Company fined $6,000 for failure to remove asbestos prior to demolition

In November 2020, in the Redcliffe Magistrates Court, the defendant company pleaded guilty and was fined under section 19(1) of the Work Health and Safety Act 2011 (the Act) and Section 33 of the Act. Magistrate Mark Bucknall has sentenced and charged $6,000 to the defendant. The conviction has not been recorded.

Work Health and Safety
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 Min read
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November 6, 2022

On 17 November 2020, the defendant company pleaded guilty and was sentenced in the Redcliffe Magistrates Court for failing to comply with its primary health and safety duty held pursuant to section 19(1) of the Work Health and Safety Act 2011 (the Act) to ensure, so far as was reasonably practicable, the health and safety of its workers, in contravention of section 33 of the Act. Magistrate Mark Bucknall convicted and fined the defendant $6,000. The conviction was not recorded.

The defendant company operated a demolition and asbestos removal business. In October 2018, the defendant was engaged to demolish three dwellings located in Scarborough as part of a land development project. All three dwellings appeared from the type of construction and construction materials to have been built prior to 1990. Later inspections and testing confirmed that all three dwellings also contained asbestos fibres in the wall sheeting, ceilings and soffits. Removal of bonded asbestos containing material (‘ACM’) formed part of the agreed quoted scope of works. In November 2018, the defendant engaged and subcontracted a licensed asbestos removal company to remove the identified ACM from two of the three dwellings. The defendant failed to identify ACM in the third residence.

On 10 December 2018, workers for the defendant demolished the third dwelling, which was reduced to ground level by an excavator. Building waste and rubble were subsequently scraped into rough piles on the surface of the property using the excavator. No ACM was removed from the dwelling prior to demolition, such that the building waste and rubble contained visible pieces of ACM. The following day, as workers for the defendant were undertaking demolition work at the neighbouring property, a member of the public contacted WHSQ with concerns about the possibility of ACM in the building rubble at the third dwelling. A WHSQ inspector attended the site and took samples of suspected ACM on the property. A total of eleven samples were taken from the property, with ten of the samples containing chrysolite asbestos and 2 of the samples containing amosite asbestos.

On 14 December 2018, WHSQ issued the defendant with an Improvement Notice to remediate and decontaminate the property. The defendant complied with the notice and undertook decontamination of the property by removing all visible ACM and any soil or other debris contaminated with asbestos fibres. A clearance certificate for the property was provided and confirmed decontamination.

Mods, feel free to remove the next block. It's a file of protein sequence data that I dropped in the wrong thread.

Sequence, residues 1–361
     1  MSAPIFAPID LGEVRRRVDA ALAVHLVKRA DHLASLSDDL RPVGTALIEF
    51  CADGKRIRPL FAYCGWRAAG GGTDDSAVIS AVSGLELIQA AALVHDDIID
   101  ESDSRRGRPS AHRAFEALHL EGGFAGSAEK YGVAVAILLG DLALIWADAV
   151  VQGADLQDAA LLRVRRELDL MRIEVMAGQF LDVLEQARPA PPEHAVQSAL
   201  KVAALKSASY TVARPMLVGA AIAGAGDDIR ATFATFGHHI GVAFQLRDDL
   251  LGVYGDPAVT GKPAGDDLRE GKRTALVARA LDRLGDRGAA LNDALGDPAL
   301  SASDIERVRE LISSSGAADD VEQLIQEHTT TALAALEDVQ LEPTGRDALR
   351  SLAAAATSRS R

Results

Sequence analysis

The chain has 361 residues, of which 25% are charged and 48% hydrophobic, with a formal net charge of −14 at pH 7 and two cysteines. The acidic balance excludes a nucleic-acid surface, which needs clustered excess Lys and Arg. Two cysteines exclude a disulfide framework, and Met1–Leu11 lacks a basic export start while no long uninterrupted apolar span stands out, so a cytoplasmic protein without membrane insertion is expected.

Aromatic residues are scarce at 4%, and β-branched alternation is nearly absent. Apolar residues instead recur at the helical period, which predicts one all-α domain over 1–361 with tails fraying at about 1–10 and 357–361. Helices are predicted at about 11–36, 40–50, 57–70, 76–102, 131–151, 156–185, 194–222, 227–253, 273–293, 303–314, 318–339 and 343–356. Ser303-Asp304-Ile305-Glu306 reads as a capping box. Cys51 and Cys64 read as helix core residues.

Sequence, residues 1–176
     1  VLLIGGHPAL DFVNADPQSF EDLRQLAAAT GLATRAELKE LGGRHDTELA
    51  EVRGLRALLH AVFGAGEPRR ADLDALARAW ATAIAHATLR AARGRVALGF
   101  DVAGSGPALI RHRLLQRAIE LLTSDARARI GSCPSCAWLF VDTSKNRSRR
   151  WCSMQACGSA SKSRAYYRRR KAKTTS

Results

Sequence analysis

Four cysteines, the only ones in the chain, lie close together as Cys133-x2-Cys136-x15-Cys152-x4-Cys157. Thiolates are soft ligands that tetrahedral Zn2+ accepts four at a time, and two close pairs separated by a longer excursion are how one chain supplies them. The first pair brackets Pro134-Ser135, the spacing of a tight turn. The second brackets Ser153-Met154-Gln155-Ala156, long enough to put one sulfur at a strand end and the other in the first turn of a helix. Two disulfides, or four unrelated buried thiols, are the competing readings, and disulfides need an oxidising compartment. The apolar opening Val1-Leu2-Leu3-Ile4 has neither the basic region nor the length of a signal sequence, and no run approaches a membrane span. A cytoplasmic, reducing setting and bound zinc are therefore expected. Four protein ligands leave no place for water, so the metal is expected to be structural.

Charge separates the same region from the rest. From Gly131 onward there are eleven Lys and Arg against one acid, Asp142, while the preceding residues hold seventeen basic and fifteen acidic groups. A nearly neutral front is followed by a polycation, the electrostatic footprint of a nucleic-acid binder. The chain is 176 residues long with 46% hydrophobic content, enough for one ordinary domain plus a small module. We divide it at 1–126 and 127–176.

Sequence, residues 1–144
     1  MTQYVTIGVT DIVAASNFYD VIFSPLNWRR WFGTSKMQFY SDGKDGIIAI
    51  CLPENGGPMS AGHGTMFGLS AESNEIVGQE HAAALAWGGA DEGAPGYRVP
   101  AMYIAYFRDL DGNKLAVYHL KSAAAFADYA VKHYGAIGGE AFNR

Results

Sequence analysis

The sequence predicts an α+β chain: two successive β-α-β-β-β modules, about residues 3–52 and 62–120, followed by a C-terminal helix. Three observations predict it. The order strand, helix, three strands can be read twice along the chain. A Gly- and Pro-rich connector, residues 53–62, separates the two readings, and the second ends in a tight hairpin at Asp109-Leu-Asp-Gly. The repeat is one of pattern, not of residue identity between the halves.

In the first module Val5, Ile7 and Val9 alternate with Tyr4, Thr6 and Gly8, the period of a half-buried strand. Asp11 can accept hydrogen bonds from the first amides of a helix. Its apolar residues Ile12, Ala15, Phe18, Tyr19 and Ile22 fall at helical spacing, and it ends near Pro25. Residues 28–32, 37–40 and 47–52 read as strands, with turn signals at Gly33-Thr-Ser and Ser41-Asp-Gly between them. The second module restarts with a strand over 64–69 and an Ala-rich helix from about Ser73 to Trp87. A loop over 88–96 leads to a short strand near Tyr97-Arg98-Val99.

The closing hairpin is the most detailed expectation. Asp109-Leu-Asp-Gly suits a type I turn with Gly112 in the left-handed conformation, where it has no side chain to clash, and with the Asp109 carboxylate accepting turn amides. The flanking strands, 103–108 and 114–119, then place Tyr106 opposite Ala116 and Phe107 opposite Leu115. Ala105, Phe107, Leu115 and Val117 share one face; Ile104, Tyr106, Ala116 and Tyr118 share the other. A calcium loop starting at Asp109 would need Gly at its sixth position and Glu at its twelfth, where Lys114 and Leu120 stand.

The Court considered the defendant’s early guilty plea, that it had remediated the site satisfactorily and complied with notices issued by WHSQ, as well as cooperated with the investigation. His Honour considered the defendant’s lack of previous convictions significant for a company with 40 years of industry experience and observed that it had been conducted satisfactorily to date. His Honour also noted that the company had effectively ceased operating, with the retirement of the director and decided not to record a conviction based on the lack of prior offending.

“It is fortunate the defendant’s failures in this instance didn’t put the health of members of the public at risk,” Independent Work Health and Safety Prosecutor Aaron Guilfoyle said.

There is no excuse for failures of this kind.

The risk posed by exposure to asbestos is serious. It includes the very real risk of death, and it is a risk which has been well known and highly publicised for decades,” he said.

The current rate of breaches in Queensland involving asbestos is, in those circumstances, simply unacceptable.

We will continue to prosecute those who do not comply with their obligations and put workers and members of the public at risk.”

In sentencing, Magistrate Bucknall noted that the risks from asbestos are well-known, and that the very significant maximum penalty for the offence indicates the legislature’s view of the level of seriousness for this nature of offending. Further, His Honour commented it was particularly concerning that an experienced operator failed to make the relevant enquiries for presence of ACM, which it had done on the neighbouring properties. The demolition works undertaken were in a residential area, in close proximity to other residences and community spaces which put at risk those members of the public as well as the defendant’s own workers. His Honour noted that it was in fact a member of the public that had been concerned at the treatment of asbestos on the site, and raised the alarm with WHSQ.

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